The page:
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To be cast in bronze It’s the highest honour for anyone that’s involved in the beautiful game can receive.

An iconic moment in time captured in bronze to be admired by many.

But what must be achieved in order to be considered for this prestigious recognition.

Break records? Win a European Cup? Or quite simply, be the best in the world.

Some of the most respected names in football have been given the honour of having a statue of themselves in front of stadiums all over the world.
The most famous figures include, Diego Maradona which stands in Buenos Aires Argentina. The statue captures the Argentine in his prime holding the World Cup.
Pele’s iconic statue was unveiled in 2016 in Santos Brazil, the Brazilians famous overhead kick against Belgium in 1958 was the chosen moment to replicate in cold cast aluminum.

Some stars have been honoured in more than one location.Take Sir Alex Ferguson for example, the first statue of the Scotsman was unveiled outside of Old Trafford in 2011 to mark 25 years since he took over at United. The second is outside Pittodrie Stadium in Aberdeen. Sir Alex is pictured with hands in the air as the Dons beat Real Madrid 2-1 in Gothenberg, to win the European Cup Winners Cup in 1983.

Although the majority of legends have been acknowledged in this way there are a few names that come to mind who have yet to have their moment in time captured in steel. Outside of Ibrox stadium stands former captain and manager John Greig. The statue was unveiled in 2001 in remembrance of the 66 people who died in the Ibrox disaster on the 2nd January 1971. However it has been said for years that a statue of former manager Walter Smith should stand outside Ibrox stadium.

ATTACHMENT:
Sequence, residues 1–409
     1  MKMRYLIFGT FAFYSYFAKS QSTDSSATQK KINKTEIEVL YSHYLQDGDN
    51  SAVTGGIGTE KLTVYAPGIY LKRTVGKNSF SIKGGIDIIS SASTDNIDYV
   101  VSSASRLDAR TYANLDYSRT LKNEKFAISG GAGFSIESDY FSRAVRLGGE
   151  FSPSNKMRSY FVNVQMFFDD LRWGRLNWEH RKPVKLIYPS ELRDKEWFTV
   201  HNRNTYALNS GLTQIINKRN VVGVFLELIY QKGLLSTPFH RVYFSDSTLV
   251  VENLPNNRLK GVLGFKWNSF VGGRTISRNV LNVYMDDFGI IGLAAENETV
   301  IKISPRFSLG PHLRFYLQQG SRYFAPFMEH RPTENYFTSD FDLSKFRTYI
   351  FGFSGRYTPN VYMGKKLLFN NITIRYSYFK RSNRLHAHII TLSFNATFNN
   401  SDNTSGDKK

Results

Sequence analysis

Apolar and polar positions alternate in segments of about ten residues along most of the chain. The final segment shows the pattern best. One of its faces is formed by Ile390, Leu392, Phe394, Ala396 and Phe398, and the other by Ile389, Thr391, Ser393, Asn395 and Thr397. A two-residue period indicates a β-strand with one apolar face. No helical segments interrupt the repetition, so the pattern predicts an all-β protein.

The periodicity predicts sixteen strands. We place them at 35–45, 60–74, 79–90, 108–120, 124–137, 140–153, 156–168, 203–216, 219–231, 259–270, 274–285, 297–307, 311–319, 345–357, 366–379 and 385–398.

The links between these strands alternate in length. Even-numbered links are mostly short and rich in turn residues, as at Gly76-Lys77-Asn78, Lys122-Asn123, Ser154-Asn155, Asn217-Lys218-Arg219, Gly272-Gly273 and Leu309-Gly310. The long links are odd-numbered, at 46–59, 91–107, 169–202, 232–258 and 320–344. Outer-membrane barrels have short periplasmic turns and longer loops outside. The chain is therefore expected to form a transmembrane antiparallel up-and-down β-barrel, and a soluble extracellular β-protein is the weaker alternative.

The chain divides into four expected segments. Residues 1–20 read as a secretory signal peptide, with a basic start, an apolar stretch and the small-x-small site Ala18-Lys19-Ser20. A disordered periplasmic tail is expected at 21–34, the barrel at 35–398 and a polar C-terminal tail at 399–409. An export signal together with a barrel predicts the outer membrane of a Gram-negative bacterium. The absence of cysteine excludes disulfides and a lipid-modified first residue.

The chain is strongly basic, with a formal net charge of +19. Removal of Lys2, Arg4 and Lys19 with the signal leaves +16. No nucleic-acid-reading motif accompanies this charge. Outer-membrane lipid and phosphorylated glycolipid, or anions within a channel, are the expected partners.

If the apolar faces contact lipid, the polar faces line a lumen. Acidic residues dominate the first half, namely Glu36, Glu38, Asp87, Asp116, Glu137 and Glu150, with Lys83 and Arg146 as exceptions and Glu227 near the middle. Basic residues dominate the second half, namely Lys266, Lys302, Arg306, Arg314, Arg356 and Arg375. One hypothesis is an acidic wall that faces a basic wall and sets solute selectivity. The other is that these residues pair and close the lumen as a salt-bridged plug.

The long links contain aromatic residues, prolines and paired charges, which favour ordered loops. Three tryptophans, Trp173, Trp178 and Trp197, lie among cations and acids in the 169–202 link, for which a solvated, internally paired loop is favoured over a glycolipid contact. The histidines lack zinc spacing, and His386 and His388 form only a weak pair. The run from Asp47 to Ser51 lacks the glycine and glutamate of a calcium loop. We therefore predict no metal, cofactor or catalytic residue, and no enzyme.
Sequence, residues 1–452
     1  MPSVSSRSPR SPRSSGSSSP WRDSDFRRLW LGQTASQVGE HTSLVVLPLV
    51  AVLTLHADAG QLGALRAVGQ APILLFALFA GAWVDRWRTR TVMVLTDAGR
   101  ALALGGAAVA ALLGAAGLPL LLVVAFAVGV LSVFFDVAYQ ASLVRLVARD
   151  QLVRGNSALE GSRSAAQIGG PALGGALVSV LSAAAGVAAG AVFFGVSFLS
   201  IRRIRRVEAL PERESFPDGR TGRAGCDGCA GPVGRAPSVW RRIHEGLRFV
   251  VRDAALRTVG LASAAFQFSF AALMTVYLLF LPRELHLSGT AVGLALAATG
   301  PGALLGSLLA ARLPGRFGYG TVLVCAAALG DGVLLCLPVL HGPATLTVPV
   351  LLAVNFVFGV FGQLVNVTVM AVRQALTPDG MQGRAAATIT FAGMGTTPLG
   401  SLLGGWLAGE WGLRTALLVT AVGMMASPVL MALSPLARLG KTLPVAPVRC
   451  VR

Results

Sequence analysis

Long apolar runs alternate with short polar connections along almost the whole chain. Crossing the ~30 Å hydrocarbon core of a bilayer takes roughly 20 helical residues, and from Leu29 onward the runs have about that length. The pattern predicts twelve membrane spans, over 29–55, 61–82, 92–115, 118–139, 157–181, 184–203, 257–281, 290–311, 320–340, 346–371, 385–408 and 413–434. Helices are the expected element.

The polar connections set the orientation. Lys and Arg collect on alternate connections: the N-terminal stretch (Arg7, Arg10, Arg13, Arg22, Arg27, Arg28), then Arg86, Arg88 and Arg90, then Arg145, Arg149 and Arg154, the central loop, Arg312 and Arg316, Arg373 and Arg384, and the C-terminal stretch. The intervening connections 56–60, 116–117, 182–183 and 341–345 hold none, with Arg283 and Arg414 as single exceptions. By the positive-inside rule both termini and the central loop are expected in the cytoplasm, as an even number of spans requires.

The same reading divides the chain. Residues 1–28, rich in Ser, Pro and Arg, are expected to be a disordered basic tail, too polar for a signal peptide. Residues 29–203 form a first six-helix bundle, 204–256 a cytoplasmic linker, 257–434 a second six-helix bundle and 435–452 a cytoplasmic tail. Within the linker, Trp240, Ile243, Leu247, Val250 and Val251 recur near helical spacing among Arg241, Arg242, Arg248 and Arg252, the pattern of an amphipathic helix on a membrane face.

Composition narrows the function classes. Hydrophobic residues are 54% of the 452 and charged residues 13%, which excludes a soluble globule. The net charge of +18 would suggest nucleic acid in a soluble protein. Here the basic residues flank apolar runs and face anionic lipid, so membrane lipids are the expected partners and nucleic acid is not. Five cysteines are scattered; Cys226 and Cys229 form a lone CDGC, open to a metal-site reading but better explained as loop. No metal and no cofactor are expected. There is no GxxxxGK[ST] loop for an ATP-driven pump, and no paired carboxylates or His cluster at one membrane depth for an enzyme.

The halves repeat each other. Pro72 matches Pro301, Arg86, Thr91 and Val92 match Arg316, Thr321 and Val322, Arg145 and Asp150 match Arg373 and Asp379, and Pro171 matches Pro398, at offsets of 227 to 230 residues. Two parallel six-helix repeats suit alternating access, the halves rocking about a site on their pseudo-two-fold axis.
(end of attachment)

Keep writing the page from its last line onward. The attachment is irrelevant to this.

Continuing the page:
It has now been commissioned and a statue of Walter Smith will stand on Copland Road to commemorate his extraordinary achievements at the Glasgow club.

An argument could also be made for former Celtic and Liverpool striker Kenny Dalglish to be set in cast in front of Anfield alongside Bill Shankly and Bob Paisley.

A bit closer to home, Scotland’s national stadium currently stands alone with no former legends standing in its grounds. The level of expectation for the national side rises after every competitive match and with Germany on the horizon, if Steve Clarke were to mark his name in the history books with Scotland at the Euros could he be the first statue at the foot of the Hampden steps?


The list could go on and on, but who do you think deserves to be handed this major honour?